National Press Club condemns assault on press in Ecuador
January 13, 2012 | By John M. Donnelly | firstname.lastname@example.org
National Press Club President Mark Hamrick expressed outrage Friday about the president of Ecuador’s systematic and relentless attacks on the press.
Angry over a piece that was critical of him, the Ecuadoran president Rafael Correa has won court rulings-- under questionable circumstances-- that could result in the shuttering of one of Latin America’s most esteemed newspapers and the imprisonment of its journalists.
The case of the paper El Universo is just one of several examples of Correa's attacks on press freedom. Under Correa, defamation suits against reporters have multiplied, and state ownership of media organizations has grown, according to independent monitoring groups.
Hamrick, a broadcast journalist with the Associated Press, said he hoped justice would be served in Ecuador and press freedom protected.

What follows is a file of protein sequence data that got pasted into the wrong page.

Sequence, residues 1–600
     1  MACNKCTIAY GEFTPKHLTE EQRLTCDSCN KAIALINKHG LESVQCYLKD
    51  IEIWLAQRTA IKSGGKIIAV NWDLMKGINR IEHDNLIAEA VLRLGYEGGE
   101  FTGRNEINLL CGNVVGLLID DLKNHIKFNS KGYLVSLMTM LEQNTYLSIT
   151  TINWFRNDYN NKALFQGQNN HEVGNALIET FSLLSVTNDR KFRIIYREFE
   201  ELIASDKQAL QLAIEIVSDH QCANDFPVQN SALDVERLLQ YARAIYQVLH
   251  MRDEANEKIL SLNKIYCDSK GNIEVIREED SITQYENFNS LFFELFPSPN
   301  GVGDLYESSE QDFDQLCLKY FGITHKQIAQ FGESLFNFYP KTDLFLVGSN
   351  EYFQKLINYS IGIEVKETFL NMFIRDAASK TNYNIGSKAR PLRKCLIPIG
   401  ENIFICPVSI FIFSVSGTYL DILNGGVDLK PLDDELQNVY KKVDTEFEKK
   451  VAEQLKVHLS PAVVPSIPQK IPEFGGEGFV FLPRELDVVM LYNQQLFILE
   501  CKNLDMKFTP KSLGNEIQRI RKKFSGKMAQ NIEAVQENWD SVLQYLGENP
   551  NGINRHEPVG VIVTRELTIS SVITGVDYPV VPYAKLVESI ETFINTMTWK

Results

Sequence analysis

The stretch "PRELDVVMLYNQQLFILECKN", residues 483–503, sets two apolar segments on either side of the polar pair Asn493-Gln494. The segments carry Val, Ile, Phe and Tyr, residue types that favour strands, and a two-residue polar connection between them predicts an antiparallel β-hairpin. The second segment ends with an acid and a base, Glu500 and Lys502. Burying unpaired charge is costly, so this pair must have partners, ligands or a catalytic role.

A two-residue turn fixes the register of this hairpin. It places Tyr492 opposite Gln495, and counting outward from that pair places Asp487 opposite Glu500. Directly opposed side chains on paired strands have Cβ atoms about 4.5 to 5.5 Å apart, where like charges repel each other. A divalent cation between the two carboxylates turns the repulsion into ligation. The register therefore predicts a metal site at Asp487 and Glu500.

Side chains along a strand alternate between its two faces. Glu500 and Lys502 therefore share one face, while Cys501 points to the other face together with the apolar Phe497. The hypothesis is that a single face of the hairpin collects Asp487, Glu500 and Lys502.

"President Correa has been condemned by human rights and press freedom groups for his mistreatment of reporters," Hamrick said. "It is past time for this type of harassment and intimidation to stop in Ecuador and anywhere else where reporters face jail--or worse--for merely doing their jobs."
The Washington Post in a Jan. 12 editorial called Correa’s campaign against reporters "the most comprehensive and ruthless assault on free media underway in the Western Hemisphere."
In July, three directors of El Universo were sentenced to three years in jail and the paper fined $40 million, enough to bankrupt it, as a result of a defamation suit brought by Correa. Computer forensics later showed that the president’s attorney had written the court’s decision, an independent inquiry found.
Three subsequent rulings have upheld the original one, which raises questions about the autonomy of Ecuador’s judiciary, according to non-governmental groups. Another court decision in the case is due any day now.
"The El Universo story is, unfortunately, not unique," Hamrick said. "The evidence seems clear that the press is under siege in Ecuador. Correa needs to know that concerned people are watching."
The National Press Club, based in Washington, D.C., is the world's leading professional organization for journalists. The Club represents more than 3,200 members worldwide representing every major news organization. The Club was founded in 1908.